The Nats are going to break the revenue sharing system

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The big teams like the Yankees and Dodgers bite their tongues and pay their revenue sharing money out to the Pirates and Royals of the world because, well, that’s the system we have.  They may not bite their tongues much longer, though, because they really, really don’t like paying a large-market team like the Nationals — which Forbes Magazine rates as the second most profitable team in baseball — that kind of scratch. Tom Boswell:

As Washington’s obvious promise has been thwarted by its gruesome
won-lost reality, resentment toward the way the Nats do business,
already prevalent in Washington, is now spreading through the game . . . “You’re probably going to see revenue-sharing reform pretty soon,” an
American League executive said. “It’s usually small-market teams like
Pittsburgh that are the issue” . . . But the Bucs have an excuse: Their metropolitan market — like Denver,
Baltimore, Cincinnati, Cleveland, Kansas City and Milwaukee — is less
than half Washington’s size (No. 9 in the United States).

Given the financial disparities in the game, some form of revenue sharing is essential. But a system that rewards a team with huge welfare checks for keeping its payroll lower than its market and revenue would rationally dictate (and losing tons of ballgames in the process) is not a sustainable one.

I suspect that the “revenue-sharing reform” Boswell’s source is talking about would take the form of requiring any teams receiving checks to spend the money on players as opposed to simply pocketing it and declaring a profit like the Nats and Pirates do every year. Such a thing might be hard to implement and could lead to a huge battle between baseball’s high payroll and low payroll teams.  It’s a battle worth fighting, however. Because if the high payroll teams win it, more teams will be putting more resources into their product on the field. In that case, we as fans win too.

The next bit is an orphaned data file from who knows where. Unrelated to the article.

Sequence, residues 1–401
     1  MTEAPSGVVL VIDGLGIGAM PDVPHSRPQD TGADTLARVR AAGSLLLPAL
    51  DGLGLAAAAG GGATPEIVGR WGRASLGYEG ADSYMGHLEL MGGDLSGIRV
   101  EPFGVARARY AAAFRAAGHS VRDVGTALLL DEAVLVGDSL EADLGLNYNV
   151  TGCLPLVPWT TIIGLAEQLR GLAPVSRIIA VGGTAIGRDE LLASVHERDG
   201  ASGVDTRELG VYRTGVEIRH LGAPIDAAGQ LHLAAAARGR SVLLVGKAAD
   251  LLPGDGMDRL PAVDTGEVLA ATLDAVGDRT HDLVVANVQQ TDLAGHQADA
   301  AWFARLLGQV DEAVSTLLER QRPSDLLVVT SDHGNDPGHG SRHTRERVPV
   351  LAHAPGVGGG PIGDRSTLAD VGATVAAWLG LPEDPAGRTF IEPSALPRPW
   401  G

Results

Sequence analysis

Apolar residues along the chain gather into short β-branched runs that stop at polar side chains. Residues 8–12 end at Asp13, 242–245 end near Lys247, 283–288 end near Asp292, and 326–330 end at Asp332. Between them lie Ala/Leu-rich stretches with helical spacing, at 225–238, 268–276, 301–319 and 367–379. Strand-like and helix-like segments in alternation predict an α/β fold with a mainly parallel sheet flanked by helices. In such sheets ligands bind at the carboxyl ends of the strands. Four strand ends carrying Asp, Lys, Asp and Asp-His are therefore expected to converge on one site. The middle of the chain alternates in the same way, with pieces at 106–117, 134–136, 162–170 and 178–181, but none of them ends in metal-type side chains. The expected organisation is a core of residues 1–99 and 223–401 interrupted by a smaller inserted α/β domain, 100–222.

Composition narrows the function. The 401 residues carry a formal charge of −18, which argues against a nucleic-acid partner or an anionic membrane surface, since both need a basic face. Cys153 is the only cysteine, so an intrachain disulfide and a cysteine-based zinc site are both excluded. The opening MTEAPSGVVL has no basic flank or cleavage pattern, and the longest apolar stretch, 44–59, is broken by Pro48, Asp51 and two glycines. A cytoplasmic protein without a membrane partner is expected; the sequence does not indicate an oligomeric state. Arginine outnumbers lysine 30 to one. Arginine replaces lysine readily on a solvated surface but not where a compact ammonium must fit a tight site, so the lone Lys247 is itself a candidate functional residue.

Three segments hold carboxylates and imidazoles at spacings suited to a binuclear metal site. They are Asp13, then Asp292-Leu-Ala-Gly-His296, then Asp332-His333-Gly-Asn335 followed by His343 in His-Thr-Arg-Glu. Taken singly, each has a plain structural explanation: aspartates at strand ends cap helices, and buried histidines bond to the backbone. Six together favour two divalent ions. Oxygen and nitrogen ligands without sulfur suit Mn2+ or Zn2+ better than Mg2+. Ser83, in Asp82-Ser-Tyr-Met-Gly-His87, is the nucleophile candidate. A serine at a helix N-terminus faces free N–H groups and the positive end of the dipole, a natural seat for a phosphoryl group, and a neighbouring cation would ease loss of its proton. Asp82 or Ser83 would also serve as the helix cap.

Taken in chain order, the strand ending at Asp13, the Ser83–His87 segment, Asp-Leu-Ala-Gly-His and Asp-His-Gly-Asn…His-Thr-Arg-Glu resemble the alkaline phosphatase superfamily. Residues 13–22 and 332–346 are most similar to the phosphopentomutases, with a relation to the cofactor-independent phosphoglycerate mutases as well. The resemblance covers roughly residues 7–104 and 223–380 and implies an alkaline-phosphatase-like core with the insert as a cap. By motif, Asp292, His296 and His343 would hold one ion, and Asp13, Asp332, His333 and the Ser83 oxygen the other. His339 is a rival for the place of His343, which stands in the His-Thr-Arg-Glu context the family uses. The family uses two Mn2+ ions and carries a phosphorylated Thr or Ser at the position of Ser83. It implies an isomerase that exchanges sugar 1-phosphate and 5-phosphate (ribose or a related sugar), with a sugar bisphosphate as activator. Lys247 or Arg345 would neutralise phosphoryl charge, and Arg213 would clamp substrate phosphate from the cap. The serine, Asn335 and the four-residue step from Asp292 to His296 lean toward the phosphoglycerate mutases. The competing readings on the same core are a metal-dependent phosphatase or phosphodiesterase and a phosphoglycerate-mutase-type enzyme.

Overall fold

Report: Rays nearing a deal with Shawn Tolleson

ST. LOUIS, MO - JUNE 18: Reliever Shawn Tolleson #37 of the Texas Rangers pitches against the St. Louis Cardinals in the eighth inning at Busch Stadium on June 18, 2016 in St. Louis, Missouri.  (Photo by Dilip Vishwanat/Getty Images)
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Update (6:48 PM EST): Topkin reports the contract will be of the major league variety.

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Marc Topkin of the Tampa Bay Times reports that the Rays and free agent reliever Shawn Tolleson are close to finalizing a contract.

Tolleson, who turns 29 years old on Thursday, had an ugly 2016 season, finishing with a 7.68 ERA and a 29/10 K/BB ratio in 36 1/3 innings. He was one of the Rangers’ best relievers in the two seasons prior to that, however, which included saving 35 games in 2015.

President Obama pardons Willie McCovey

SAN FRANCISCO, CA - APRIL 06:  San Francisco Giants legend Willie McCovey  waves to the crowd while seating between Jeff Kent (L) and Willie Mays during a ceremony honoring Buster Posey for winning the 2012 National League MVP before the Giants game against the St. Louis Cardinals at AT&T Park on April 6, 2013 in San Francisco, California.  (Photo by Ezra Shaw/Getty Images)
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The big presidential pardon news today concerns the commutation of Chelsea Manning’s sentence. We’ll leave that aside. For our purposes, know that someone in the world of baseball was pardoned: Willie McCovey.

Yes, Hall of Famer Willie McCovey, who in 1995 pleaded guilty to income tax fraud related to the non-reporting of income received from memorabilia and autograph shows. Duke Snider pleaded guilty alongside McCovey. They were given two years probation and fines of $5,000. Snider died in 2011. McCovey still works with the San Francisco Giants as a senior advisor and goodwill ambassador.

President Obama’s release of McCovey’s pardon was pretty succinct. But it’s enough to scrub the record of one of the greatest sluggers of all time.